2.1 Understanding climate risks

The terminology and concepts in this chapter follow the most current climate risk concept of the Intergovernmental Panel on Climate Change (IPCC), as referred in the IPCC AR 6  (6th Assessment Report) in 2022.

Risks, according to the IPCC, are potential adverse consequences for human or ecological systems recognising the diversity of values and objectives associated with such systems.. A climate risk (e.g. drought damage in agriculture) results from interactions between climate-related hazards (e.g. the frequency and intensity of droughts) with exposure (e.g. agriculture land) and vulnerability (e.g. drought resistance of crops, presence or absence of irrigation) of natural and human systems.

Source: IPCC, 2022: Summary for policymakers.

A climate risk is the result of three different factors: hazard, exposure and vulnerability.

A hazard is defined as the potential occurrence of a natural or human-induced physical event or trend that may cause loss of life, injury, or other health impacts, as well as damage and loss to property, infrastructure, livelihoods, service provision, ecosystems and environmental resource Events are climate hazards such as droughts, heatwaves, heavy rain events or storms. Trends are slow onset changes such an increase in mean temperature, sea level rise or an increasing aridity of a region.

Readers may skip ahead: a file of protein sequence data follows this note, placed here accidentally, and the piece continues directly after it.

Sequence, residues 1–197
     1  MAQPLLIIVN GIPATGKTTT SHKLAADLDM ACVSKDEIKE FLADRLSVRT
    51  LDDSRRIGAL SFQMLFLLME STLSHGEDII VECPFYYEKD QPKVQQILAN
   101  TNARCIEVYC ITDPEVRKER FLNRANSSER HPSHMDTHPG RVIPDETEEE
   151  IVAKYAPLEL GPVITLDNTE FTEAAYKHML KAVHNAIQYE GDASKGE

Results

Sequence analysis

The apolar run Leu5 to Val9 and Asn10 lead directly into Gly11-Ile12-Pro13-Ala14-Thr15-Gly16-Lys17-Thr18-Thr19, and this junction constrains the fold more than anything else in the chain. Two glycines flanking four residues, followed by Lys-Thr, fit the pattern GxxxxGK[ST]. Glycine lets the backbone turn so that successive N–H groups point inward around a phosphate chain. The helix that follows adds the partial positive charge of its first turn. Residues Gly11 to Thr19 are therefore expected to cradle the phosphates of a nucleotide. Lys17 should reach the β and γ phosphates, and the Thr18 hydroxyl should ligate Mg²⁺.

Exposure describes the presence of people, livelihoods, species or ecosystems, environmental functions, services, and resources, infrastructure, or economic, social, or cultural assets in places and settings that could be adversely affected.

Finally, the risk depends on the vulnerability of the exposed system and its elements. Vulnerability describes the propensity or predisposition to be adversely affected. Vulnerability encompasses a variety of concepts and elements including sensitivity or susceptibility to harm and lack of capacity to cope and adapt.


An agricultural area is potentially affected by frequent and intense drought events with an absence of precipitation and high temperature, which causes yield losses and loss of income for farmers.

The hazard is the drought itself, described by a precipitation deficit (meteorological drought), a resulting soil moisture deficit (agricultural drought) or low flows in rivers (hydrological drought).

Exposure can be expressed by proportion of agricultural land potentially affected by a drought or by the proportion of people which depend on income from farming.

The vulnerability of the system depends on many factors like:

  • natural factors such as the drought resistance of crops
  • technical factors such as the presence or absence or the efficiency of an irrigation system
  • factors related to the capacity of farmers to cope and adapt such as the availability of insurance schemes or the options for a second income from tourism.

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